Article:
So here’s how it works. Most full suspension frames use the fork and rear suspension unit to do two things: small bump compliance and large bump compliance. The physics of those two things are very different, and suspension manufacturers have gotten fancier and fancier every year, designing dual air chambers and different valve flow rates and such to get good responsiveness for both. It’s almost always something of a compromise, though; as the small bump compliance improves, the suspension overall gets mushier; as the large bump compliance improves, the suspension has a higher force requirement to trigger it, so you start to feel smaller bumps. The suspension units that do both well are expensive and have more complicated, and therefore delicate, internals. The Bucksaw uses the huge tire volume and ridiculously low tire pressure to take care of the small bump compliance, and the suspension is primarily tuned for excellent large bump compliance. That, combined with the vast confidence-inspiring traction you get thanks to the huge contact patch of the tires, makes for a super smooth, super fast ride. And also a really addictive one.

 

To get into the really nitty gritty, let’s start with all the usual suspects. The frame is mechanically formed AL-6066 series aluminum with carbon fiber seatstays. The Bucksaw has a tapered head-tube/steerer tube with a Cane Creek 10 ZS 44/56 sealed cartridge bearing headset. The RockShox Bluto 100mm travel fork uses a 15mm thruaxle for stiffness and superior hub retention. It’s paired with the RockShox Monarch RT3 rear suspension unit, and the aforementioned Split Pivot (™) suspension design. Quick aside: Split Pivot is a mechanism that puts the rear-most pivot concentric to the rear axle, which has the main effect of removing both acceleration and braking forces from the suspension input, making the bike feel stiffer under pedaling load and preventing the suspension from compressing while engaging the rear brake. In short, it’s a massive improvement over pretty much most other full frame suspension designs and a lot of high quality dual suspension manufacturers license the patent. Moving on: the Bucksaw 2 (gold; the one we’re stocking) has predominantly SRAM components hanging off of it; X9 Type 2 rear derailleur, X7 HDM 10 speed front derailleur, 1030 10 speed 11-36 cassette, X5 Fat Bike specific 34/22 crankset, X9 BB 2×10 shifters, SRAM Guide hydraulic disc brakes with 180mm rotors front and rear. The wheelset is constructed from the Salsa Conversion fat bike hubs, 150mm front with 15mm thruaxle, 177mm rear with 12mm thruaxle, Salsa Marge Lite 65mm drilled rims, and Surly Nate 26” x 3.8” 120 tpi folding bead tires. Everything else is pretty basic. A Salsa stem, a WTB saddle, a Truvativ seatpost; all good quality but inexpensive enough that it won’t hurt your soul to replace it with something different if you have strong preferences for those items.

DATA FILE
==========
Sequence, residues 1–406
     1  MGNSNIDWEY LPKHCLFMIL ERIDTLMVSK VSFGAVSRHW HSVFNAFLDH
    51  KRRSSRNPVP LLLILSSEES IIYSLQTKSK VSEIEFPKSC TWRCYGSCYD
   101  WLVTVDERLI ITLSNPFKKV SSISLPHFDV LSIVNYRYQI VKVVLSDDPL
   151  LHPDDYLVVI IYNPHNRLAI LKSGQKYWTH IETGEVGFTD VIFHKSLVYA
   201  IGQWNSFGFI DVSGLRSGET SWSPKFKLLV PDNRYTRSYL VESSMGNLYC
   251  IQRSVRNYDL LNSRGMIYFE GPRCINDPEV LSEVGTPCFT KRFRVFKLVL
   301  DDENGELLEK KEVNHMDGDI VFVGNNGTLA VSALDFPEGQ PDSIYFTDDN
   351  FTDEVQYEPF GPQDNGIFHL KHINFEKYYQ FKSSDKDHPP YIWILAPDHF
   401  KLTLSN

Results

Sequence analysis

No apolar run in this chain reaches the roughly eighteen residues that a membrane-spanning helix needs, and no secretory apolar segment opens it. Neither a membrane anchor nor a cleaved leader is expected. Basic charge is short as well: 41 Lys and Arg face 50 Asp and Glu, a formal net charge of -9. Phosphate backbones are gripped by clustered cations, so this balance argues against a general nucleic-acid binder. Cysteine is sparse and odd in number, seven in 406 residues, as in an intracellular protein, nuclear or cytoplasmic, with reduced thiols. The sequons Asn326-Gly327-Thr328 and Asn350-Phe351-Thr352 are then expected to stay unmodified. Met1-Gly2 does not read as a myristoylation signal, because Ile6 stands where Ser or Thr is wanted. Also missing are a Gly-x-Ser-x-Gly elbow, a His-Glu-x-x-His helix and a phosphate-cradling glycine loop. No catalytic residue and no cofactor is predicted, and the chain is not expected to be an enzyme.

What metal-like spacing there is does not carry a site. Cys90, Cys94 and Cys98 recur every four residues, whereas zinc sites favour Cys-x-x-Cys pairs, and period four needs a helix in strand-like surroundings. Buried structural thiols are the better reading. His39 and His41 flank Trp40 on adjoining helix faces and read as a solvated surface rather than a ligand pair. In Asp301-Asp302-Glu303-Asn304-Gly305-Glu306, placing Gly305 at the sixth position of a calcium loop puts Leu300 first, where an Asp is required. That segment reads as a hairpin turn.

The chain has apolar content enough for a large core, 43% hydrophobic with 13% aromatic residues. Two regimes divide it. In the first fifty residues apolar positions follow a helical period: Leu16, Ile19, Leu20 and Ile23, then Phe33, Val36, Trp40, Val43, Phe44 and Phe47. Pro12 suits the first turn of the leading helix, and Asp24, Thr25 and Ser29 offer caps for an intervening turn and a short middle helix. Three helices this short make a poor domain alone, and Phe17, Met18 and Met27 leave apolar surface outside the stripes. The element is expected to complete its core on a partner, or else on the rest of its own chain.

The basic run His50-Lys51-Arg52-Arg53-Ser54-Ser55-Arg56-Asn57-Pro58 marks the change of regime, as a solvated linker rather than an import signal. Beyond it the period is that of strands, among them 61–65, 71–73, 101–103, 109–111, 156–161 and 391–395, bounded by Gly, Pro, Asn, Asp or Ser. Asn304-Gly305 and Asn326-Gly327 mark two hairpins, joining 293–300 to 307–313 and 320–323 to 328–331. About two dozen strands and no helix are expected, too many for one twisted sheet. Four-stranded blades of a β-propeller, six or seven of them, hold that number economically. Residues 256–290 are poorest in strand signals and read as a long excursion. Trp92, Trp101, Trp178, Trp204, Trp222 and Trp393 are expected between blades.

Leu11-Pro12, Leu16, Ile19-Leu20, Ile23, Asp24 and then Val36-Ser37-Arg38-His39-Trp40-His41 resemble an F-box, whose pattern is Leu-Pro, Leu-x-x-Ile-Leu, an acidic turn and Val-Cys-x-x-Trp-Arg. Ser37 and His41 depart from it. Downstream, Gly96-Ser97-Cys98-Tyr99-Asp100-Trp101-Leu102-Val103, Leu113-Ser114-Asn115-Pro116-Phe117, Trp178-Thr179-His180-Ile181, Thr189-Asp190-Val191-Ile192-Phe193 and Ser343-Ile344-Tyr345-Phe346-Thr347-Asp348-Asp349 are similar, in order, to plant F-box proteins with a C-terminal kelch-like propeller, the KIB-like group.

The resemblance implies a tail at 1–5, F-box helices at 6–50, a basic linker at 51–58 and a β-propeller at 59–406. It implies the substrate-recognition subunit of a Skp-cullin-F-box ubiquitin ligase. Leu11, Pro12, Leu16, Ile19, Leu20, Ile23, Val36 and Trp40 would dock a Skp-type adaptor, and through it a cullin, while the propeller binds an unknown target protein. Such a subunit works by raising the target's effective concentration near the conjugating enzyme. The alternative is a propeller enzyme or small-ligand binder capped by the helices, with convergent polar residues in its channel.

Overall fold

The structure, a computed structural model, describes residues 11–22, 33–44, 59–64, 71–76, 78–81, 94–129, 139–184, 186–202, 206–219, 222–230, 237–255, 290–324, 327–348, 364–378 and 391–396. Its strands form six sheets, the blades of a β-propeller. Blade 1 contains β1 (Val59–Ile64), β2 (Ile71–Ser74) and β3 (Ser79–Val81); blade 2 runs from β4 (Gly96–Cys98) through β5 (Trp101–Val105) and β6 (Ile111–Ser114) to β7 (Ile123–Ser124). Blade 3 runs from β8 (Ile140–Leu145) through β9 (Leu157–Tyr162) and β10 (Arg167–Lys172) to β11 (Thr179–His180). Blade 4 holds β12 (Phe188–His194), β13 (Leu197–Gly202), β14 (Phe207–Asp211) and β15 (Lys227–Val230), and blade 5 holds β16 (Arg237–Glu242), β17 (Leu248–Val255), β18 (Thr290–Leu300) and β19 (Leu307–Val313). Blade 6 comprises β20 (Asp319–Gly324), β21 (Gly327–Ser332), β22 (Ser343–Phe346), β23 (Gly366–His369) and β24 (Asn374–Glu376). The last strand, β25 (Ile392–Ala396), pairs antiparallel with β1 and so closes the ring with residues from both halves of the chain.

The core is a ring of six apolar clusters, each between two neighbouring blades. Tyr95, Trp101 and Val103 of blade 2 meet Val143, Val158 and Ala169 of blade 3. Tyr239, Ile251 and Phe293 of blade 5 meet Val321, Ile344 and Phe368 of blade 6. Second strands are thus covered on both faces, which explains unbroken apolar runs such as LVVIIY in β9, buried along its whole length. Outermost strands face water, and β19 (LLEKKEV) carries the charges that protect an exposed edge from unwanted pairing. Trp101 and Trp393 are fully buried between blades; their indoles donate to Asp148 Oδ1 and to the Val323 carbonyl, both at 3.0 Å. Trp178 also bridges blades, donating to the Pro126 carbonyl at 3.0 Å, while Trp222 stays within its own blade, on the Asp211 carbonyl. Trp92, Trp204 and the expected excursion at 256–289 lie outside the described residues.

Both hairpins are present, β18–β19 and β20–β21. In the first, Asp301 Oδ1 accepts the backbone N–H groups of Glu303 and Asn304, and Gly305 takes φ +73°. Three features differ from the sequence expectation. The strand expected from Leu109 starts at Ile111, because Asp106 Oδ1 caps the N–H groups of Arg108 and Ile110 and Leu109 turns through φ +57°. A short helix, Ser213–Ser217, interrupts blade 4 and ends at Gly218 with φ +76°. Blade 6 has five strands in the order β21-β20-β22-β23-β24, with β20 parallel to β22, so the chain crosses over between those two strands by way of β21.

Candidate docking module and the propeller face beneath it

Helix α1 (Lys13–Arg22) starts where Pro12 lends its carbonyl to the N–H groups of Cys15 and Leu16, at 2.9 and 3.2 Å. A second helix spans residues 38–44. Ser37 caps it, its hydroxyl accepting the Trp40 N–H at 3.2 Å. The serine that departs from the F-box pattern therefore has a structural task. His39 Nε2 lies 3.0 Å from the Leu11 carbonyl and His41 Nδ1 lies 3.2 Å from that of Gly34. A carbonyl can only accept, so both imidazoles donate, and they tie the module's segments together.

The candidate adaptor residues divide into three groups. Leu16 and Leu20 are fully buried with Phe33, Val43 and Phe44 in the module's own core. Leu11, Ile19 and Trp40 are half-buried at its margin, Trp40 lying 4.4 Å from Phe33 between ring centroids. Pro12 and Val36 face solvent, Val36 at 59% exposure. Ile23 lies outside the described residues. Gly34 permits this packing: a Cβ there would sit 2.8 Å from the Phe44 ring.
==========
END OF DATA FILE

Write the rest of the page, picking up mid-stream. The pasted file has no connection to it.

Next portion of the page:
The Bucksaw 1 has the same frame, different paint, and nicer parts: a Thomson stem, a RockShox Reverb dropper seatpost, SRAM 1×11 (30t ring x 10-42 cassette) drivetrain, and Guide RS hydraulic brakes, but the same fork, rear suspension, wheels/tires, and so on. The Bucksaw 1 weighs in, without pedals, at a thoroughly impressive 36 lbs 6 oz for the Medium frame.


At $3,999 for the 2 and $4,999 for the 1, we’re not talking entry-level mountain bike tech here. This stuff is not for the weekend warrior or mountain bike wannabe. If you get this bike, you are invested. You believe, not just in mountain biking, but in the validity and future of fat bikes as mountain bikes, not just sand and snow bikes, and you are excited, nay, you are delirious with joy, that someone else out there feels the same way, and moreover that someone (really, someones, this was very much a team effort) invested the time, the passion, the knowledge, the money, and the love, into bringing this bike into the world. You will not be disappointed.

 

 

Unclear on the concept: “Who needs a belt when there’s a full metal chaincase?”

We’ve been confronted with this question and have decided to answer it publicly. The question was, “Really, who needs a belt when there’s a full metal chaincase” on my shiny, expensive new bike?